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Energy startup promotes solar lamps in Bangalore slums

Kerosene lamps are beginning to disappear in Bangalore's slums. (Rajeev/flickr/cc)

In the slums of Bangalore, many schoolchildren can’t do homework at night because there’s no electricity. The only option for indigent families may be a kerosene lamp that emits dangerous toxins into poorly ventilated dwellings and is expensive to operate. The fumes also contribute to global warming.

Enter Pollinate Energy, a socially conscious business based in Australia and India founded by young, idealistic Aussies. The United Nations spotlights this energy startup for training local Indians to become “micro-entrepreneurs” by selling and installing inexpensive solar lamps. So far, more than 10,000 poor people in the city have switched from kerosene to solar, the article says.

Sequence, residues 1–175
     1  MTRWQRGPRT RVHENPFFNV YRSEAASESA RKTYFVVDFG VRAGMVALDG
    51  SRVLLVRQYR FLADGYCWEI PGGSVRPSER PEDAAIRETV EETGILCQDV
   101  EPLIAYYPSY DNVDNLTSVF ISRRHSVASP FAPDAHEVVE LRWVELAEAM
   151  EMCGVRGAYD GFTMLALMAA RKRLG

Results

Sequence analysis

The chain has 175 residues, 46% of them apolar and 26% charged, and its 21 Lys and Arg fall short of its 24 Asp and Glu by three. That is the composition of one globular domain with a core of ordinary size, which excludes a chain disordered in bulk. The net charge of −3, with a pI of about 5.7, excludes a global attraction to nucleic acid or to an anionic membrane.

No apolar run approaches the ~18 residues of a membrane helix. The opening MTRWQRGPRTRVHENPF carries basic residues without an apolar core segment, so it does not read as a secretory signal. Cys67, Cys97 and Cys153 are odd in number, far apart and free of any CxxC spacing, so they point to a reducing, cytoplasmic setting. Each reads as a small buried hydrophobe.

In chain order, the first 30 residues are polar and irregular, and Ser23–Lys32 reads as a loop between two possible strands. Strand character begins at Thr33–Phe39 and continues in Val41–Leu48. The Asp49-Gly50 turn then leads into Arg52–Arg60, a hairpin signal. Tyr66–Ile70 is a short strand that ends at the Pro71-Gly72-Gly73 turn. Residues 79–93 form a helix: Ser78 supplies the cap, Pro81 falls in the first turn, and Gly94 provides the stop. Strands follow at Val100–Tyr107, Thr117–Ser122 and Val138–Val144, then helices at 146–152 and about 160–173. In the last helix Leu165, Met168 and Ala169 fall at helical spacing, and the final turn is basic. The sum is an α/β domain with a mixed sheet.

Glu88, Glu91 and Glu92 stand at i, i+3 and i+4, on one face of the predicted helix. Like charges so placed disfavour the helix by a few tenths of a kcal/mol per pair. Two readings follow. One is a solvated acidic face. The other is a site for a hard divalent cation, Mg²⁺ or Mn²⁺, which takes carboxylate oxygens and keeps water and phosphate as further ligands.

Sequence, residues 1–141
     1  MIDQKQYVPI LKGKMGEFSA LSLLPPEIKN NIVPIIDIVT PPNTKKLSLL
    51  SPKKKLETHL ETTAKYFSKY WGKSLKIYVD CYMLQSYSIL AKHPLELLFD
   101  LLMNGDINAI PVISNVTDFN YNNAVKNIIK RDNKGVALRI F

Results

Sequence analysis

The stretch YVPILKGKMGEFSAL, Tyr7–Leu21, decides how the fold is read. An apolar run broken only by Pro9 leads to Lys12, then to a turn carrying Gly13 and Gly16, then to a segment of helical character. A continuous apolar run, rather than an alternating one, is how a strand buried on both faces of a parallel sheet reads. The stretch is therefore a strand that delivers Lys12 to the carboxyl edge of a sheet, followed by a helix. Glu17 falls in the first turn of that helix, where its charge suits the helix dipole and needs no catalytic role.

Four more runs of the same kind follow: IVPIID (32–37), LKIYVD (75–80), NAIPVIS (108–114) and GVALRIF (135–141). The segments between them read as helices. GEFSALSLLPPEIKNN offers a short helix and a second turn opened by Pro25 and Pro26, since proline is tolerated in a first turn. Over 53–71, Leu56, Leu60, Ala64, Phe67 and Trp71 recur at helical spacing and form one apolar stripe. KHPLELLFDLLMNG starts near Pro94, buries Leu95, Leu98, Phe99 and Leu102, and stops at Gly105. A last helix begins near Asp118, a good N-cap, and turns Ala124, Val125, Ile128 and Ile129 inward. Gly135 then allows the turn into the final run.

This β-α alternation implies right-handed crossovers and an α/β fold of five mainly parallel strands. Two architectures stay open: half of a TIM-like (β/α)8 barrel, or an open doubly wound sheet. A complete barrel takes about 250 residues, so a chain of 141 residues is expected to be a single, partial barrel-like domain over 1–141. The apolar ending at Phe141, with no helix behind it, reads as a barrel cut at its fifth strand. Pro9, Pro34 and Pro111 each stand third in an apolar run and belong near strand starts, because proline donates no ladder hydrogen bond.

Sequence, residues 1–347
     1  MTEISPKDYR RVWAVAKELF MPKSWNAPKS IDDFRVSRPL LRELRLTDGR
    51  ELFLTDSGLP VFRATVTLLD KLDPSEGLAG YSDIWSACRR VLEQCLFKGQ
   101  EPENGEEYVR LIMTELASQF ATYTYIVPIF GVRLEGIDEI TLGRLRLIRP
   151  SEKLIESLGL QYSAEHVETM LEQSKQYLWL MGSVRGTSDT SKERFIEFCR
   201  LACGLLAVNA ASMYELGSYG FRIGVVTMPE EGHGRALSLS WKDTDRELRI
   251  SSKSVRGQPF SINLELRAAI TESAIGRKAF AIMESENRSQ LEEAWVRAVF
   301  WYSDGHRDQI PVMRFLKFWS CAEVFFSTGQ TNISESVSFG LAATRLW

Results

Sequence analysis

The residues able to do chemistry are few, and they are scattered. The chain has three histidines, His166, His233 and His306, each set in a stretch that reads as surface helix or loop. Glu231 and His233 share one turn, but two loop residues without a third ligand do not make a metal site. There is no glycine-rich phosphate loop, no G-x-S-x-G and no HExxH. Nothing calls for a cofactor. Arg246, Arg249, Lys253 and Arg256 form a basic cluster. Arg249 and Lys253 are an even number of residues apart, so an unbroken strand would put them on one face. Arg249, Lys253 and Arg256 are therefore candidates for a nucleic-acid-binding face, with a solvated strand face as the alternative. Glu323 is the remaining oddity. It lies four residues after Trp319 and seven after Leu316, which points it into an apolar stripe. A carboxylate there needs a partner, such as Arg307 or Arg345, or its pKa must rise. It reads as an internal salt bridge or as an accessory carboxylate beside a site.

The lamps are durable and store energy in batteries. They’re also bright. “It is not just the fuel source, but also the quality of light which is important to a person’s well-being,” Pollinate Energy explains on its website. The startup notes that nearly 300 million Indians lack electricity, forcing them to burn not just kerosene but also wood. Click here for profiles of other energy innovations highlighted by the UN.

United Nations

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